|2022||Cheat Codes||Danger Mouse, Black Thought||★★★★||75||Hip-Hop|
Cheat Codes brings together a seemingly natural pairing: Black Thought — lead MC for the Roots and a legendary voice in the conscious-rap movement of the late 90s and early 2000s — and Danger Mouse —a longtime producer who broke out in the mid 2000s for his hip-hop work influenced by the same era, and whose styles more traditionally fit in with garage rock, soul and vocal pop records he’s produced over the past 15-ish years.
Black Thought shows that with age comes wisdom and adaptability. Always able to turn a phrase or extend a line with an odd rhyme scheme, he settles in right away over Danger Mouse’s smooth grooves, muted drum kit and high hats. It doesn’t sound like a Roots record, but the production quality is close enough that it feels natural and both artists showcase each other’s strengths really well.
Black Thought brings meaning and energy with his performance, while Danger Mouse fills in some of the spaces with fuzzy vocal samples and by inviting some of his past collaborators along with them. Run The Jewels (which Danger Mouse worked with in 2017 on “Chase Me”) and A$AP Rocky (production credits on about half of 2015’s At.Long.Last.ASAP) sound great together on “Strangers,” and a long-lost MF Doom verse brings the thunder on “Belize.” Joey Bada$$ and Conway the Machine also contribute verses that fit right in.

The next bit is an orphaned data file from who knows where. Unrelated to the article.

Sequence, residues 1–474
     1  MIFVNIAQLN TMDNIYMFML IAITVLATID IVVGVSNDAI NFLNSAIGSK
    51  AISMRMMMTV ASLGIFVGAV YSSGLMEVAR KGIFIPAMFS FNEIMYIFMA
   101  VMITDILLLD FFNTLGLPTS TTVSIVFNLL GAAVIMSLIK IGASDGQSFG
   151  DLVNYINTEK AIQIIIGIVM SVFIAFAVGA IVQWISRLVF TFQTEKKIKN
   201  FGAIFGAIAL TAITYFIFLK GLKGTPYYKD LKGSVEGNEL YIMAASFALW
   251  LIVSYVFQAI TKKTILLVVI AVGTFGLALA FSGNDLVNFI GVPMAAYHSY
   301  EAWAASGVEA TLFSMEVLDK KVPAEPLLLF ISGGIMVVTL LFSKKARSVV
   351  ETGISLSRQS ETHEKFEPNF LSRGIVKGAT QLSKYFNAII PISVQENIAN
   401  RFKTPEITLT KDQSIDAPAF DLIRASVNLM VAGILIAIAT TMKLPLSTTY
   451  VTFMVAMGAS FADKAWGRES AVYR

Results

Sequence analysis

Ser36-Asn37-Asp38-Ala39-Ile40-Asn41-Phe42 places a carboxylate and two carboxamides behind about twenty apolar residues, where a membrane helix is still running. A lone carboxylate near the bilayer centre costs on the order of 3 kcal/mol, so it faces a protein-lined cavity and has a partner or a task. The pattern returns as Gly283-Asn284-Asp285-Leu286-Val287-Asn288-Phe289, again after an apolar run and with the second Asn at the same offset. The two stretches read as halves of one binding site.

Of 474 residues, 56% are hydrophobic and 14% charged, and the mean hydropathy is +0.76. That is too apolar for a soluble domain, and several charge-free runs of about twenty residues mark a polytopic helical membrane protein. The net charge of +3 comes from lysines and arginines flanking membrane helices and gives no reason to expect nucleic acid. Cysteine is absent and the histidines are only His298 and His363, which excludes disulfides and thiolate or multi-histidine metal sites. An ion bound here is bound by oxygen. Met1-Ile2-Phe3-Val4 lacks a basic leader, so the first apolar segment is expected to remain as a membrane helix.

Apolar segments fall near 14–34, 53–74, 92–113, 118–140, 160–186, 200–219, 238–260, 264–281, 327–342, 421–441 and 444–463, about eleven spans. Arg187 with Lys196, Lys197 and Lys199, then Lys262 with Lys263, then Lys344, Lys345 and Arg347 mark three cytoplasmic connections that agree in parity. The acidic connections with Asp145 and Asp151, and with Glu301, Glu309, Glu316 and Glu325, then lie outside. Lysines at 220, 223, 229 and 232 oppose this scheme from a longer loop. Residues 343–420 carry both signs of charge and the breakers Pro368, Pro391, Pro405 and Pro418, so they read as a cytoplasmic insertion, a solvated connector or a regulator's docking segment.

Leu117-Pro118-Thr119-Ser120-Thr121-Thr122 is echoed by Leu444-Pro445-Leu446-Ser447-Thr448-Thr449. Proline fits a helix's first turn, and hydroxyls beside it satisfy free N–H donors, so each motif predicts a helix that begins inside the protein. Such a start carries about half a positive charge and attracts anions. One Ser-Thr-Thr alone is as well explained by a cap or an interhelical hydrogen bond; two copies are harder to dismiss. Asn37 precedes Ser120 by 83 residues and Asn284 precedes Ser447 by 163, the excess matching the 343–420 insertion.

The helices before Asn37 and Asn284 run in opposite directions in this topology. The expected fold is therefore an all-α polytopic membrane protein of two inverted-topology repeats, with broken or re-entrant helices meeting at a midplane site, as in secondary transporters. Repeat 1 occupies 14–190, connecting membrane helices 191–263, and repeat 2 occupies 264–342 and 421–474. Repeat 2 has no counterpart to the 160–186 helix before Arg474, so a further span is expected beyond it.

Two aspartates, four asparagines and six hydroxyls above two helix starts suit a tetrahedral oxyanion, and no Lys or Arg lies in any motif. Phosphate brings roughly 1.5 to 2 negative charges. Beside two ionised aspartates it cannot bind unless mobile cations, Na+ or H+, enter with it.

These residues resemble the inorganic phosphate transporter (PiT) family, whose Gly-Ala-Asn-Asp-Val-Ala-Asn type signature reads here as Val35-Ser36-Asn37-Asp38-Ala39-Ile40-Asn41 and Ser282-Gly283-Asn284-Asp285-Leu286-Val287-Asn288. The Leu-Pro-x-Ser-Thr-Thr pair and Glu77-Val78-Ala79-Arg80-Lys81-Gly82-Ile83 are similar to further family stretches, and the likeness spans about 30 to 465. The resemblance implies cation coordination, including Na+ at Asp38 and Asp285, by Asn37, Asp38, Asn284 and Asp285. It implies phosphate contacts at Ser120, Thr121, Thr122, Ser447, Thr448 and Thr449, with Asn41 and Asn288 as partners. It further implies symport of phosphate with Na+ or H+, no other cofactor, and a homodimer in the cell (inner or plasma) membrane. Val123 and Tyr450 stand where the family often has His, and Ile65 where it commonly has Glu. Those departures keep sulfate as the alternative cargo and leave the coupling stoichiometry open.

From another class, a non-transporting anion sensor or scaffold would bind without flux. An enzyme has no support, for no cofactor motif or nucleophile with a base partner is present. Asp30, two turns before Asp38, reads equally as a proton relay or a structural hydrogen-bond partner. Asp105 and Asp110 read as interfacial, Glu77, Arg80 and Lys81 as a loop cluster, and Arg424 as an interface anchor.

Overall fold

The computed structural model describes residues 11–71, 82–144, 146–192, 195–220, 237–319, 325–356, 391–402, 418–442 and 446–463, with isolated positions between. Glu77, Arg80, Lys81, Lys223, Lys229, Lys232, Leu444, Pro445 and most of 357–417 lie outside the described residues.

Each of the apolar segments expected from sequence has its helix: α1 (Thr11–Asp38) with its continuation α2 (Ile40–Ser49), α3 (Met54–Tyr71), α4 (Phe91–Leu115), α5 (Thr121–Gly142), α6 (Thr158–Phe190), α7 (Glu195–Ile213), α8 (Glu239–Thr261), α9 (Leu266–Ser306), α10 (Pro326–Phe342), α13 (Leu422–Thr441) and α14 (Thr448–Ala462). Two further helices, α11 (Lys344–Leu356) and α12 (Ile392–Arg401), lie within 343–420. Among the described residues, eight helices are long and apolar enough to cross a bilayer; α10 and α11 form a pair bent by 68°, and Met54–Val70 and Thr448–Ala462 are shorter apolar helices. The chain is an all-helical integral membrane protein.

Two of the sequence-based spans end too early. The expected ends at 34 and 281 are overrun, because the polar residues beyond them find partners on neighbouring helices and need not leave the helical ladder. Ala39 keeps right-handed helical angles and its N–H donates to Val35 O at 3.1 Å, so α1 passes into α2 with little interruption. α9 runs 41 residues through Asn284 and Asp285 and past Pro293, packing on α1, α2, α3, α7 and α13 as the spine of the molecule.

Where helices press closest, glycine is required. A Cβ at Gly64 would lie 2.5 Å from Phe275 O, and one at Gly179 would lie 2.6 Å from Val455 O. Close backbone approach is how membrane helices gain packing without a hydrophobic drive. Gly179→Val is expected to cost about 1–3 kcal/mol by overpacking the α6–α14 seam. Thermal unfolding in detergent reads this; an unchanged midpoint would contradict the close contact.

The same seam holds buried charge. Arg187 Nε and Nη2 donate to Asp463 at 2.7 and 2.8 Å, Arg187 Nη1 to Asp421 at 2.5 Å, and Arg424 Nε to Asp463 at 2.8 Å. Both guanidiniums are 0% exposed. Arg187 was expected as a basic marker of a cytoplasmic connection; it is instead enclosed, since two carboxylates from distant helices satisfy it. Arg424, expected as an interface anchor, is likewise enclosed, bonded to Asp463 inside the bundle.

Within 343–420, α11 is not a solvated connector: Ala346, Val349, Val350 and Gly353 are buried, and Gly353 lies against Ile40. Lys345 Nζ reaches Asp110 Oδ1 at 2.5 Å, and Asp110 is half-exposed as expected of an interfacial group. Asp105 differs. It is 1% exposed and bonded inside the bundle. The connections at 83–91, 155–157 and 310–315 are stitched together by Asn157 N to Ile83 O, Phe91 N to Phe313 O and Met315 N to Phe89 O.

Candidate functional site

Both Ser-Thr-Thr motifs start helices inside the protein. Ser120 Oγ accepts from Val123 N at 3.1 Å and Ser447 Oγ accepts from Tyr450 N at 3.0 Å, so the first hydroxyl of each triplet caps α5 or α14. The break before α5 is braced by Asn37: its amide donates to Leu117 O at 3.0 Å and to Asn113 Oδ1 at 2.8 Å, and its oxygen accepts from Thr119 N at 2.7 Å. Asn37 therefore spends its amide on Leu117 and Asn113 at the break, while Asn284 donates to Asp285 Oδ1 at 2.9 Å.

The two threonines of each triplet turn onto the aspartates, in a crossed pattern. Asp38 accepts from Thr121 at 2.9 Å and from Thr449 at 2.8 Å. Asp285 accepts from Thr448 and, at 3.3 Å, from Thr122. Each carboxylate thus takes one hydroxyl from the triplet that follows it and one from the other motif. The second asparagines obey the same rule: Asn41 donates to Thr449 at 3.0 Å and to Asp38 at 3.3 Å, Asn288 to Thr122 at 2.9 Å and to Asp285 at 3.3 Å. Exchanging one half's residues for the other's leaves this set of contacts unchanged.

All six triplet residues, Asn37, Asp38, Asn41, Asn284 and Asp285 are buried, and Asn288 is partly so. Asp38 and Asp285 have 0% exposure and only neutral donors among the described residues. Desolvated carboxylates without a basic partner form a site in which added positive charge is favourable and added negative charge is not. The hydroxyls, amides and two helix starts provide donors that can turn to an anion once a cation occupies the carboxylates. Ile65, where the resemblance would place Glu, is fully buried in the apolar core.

I know Danger Mouse isn’t everybody’s cup of tea, and despite spanning across different genres he does have a distinct sound that could come across as a little flat, mechanical or lacking depth (As a U2 fan I know what it’s like to hope for something sprawling only for it to come across as a bit lifeless instead). Even here, there is a narrow range of sounds and dynamics. For example, on “Saltwater” Danger Mouse is clearly going for a classic, sinister Conway vibe, something that would fit on a Conway album, but without leaning on a sub-baseline, it doesn’t have that same dark rumble or depth that it could, and sounds more piercing than heavy.
However, I think the narrower range here does work to Cheat Codes‘ advantage. For the few instances that could have been a bit more dynamic or dramatic, there are more than enough moments that directly come from the consistency he and Black Thought bring, which glues all the songs together, lets the tracks all flow into one another seamlessly, and allows the different voices and textures that pop in and out to really shine.
Seeing how well it all fits together, it’s kind of crazy to think this is Danger Mouse’s first full hip-hop record since Demon Days and The Mouse and the Mask in 2005. Maybe there will be more to come.